Drafting Two ReceiversApril 20th, 2014
There is no question the Bucs need a receiver after trading mattress-in-the-yard, stripper-pole-owning (allegedly), blade-in-the-thigh Mike Williams to Buffalo. Shoot, Joe was thinking the Bucs would draft a receiver, even if Williams was still on the roster.
With the draft lousy with receivers, starters, shoot, even Bucs multimedia guru Scott Smith of Buccaneers.com doesn’t discount the Bucs picking up two receivers next month.
My point is, there’s no reason to dismiss the idea of doubling up on a position at the top of the draft if the need is great enough and the opportunity is there. And, yes, that looks like it could be the case for the Bucs at receiver this year. For the sake of this argument, let’s say the Buccaneers do take a receiver in the first round. At that point, I don’t think it would necessarily be the plan to target a receiver at pick #38, but it might prove to be the best value when that selection comes around. The team’s shopping spree in free agency took care of a lot of needs that would have driven them in certain directions in the draft; now, it seems like the Buccaneers can swing the pendulum farther towards “best available player” with their early picks. If a receiver is easily the highest-rated player left on the Bucs’ board when pick #38 arrives, then why not?
Also, Jonathan, consider that the Bucs are really looking to fill two receiver spots – flanker and slot. Vincent Jackson is obviously set at split end but there’s no obvious incumbent at either of the other spots after the Williams trade. Now, at least one of those solutions could already be on the roster; I don’t want to discount the possibility that a holdover like Chris Owusu or a free agent like Louis Murphy or Lavelle Hawkins could take control of one or both of those spots. But I don’t think the presence of any of those players would stop the team from drafting another option at flanker or slot.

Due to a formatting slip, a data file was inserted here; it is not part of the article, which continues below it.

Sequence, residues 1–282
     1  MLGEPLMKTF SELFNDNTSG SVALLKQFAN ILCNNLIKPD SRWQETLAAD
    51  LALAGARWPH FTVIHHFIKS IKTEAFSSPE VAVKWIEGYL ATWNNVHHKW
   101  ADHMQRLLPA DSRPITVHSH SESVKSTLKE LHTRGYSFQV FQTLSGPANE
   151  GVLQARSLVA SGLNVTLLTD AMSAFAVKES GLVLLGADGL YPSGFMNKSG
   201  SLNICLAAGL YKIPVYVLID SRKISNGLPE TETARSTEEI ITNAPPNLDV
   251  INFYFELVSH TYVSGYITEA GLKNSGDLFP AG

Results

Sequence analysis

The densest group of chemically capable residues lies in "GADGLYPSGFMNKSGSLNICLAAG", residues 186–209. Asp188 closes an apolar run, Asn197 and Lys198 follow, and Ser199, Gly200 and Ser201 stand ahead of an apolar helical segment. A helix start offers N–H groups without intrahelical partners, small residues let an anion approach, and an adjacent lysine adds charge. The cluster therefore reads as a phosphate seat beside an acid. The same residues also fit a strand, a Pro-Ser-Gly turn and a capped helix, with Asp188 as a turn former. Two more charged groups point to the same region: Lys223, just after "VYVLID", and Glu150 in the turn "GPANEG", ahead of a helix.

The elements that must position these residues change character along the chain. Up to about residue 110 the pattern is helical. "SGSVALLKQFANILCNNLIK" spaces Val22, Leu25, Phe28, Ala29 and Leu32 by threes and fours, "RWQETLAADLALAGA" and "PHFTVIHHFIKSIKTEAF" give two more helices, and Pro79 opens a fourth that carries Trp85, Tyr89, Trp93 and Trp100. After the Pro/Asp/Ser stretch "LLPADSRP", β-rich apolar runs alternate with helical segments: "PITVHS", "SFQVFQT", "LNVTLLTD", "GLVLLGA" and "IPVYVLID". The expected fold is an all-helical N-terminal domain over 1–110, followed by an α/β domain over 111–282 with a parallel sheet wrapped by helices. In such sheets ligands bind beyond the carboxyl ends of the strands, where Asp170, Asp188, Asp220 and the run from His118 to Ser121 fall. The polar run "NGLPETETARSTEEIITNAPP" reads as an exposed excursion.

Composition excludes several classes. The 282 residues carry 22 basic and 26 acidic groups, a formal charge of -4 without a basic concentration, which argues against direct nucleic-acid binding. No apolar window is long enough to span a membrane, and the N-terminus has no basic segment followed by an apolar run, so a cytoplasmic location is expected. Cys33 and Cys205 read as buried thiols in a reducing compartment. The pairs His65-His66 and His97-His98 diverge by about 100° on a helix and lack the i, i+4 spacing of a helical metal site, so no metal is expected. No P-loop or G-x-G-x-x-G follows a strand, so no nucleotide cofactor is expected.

So, let’s say a lot of the latest mock drafts are right and the pick at #7 is Mike Evans. I imagine he would quickly take his place at the top of the depth chart opposite Jackson, giving the Bucs two really big and athletic receivers on the outside. Perhaps they might then want to find a smaller, quicker receiver to man the slot, like a Brandin Cooks or a Bruce Ellington, in a later round. Yes, Cooks is projected as a first-round pick by a lot of analysts, but what if he slipped, simply because this is such a loaded draft? Could you see the Bucs doubling up with Evans and Cooks? I sure could.
Joe could see this happening, even if the Bucs someone other than Evans at No. 7 (Hhheeerrreee’sss Johnny!). If the draft is as deep as just about every NFL insider and front office type says it is, a team failing to draft a receiver in the first round shouldn’t prevent them from drafting two good ones.
As Joe has typed several times, he would be very happy with Penn State receiver Allen Robinson. But Cooks seems to a fine prospect.